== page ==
Consumer’s Surplus is one of the most important concepts in Economics. It was expounded by Alfred Marshall. It needs careful study. In our daily expenditure, we often find that the price we pay for a commodity is usually less than the satisfaction we derive from its consumption. In our own mind, sometimes we are prepared to pay much more for a commodity than we actually have to pay. People are often heard saying, “i would have paid much more for it rather than go without it.” This means that he has made a saving or derived extra satisfaction over and above the money he has paid.
In some cases, the idea Of consumer s surprise is quite obvious, e.g., a packet of salt, a post-card, a newspaper, a match-box, etc. These things are very useful, but they are also very cheap. We are, therefore, prepared to pay much more for them, if need be, than we actually have to pay. From their purchase, therefore, we derive a good deal of surplus or extra satisfaction over and above the price that we pay for them. This is consumer’ surplus.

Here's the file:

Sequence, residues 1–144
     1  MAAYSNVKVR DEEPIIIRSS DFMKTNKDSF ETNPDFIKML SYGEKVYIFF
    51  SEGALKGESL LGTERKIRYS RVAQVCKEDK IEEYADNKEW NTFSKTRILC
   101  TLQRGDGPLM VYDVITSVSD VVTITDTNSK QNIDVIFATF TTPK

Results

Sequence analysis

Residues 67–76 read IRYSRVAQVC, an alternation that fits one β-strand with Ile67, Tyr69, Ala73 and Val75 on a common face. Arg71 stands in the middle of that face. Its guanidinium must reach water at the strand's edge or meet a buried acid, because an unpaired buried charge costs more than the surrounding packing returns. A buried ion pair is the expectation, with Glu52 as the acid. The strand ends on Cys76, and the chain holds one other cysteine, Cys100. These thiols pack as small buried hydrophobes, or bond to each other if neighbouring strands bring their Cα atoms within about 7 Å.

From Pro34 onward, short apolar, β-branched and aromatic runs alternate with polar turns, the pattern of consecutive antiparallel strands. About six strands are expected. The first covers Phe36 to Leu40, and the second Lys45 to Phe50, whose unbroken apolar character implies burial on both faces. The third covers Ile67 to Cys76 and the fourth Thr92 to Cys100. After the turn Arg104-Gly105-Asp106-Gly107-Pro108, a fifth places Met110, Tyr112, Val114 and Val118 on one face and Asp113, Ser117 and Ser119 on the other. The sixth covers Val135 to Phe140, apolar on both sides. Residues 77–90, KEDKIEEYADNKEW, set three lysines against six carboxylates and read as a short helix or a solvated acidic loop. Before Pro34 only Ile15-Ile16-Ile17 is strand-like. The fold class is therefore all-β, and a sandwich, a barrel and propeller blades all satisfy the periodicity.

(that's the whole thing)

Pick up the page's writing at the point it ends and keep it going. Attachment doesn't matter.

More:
Consumer’s surplus is the excess of what we are prepared to pay over what we actually pay for a commodity. It is the difference between what we are prepared to pay and what’ we actually pay. Thus, Consumer’s surplus = what one is prepared to pay minus what one actually pays.
Consumer’s surplus by using indifference curve
There is an inverse relationship between market price and consumer’s surplus. An inverse relationship means that a decline in market price increases consumer’s surplus and vice-versa.
In figure, when the market price for the commodity under consideration is OP, the areas Q and R are consumer’s surplus. If there is an increase an increase in the market price (OP1), the area Q will represent consumer’s surplus. Note that there is a loss of consumer’s surplus equivalent to area R. When the price decreases (OP2), consumer’s surplus increases (area Q + area R + area S).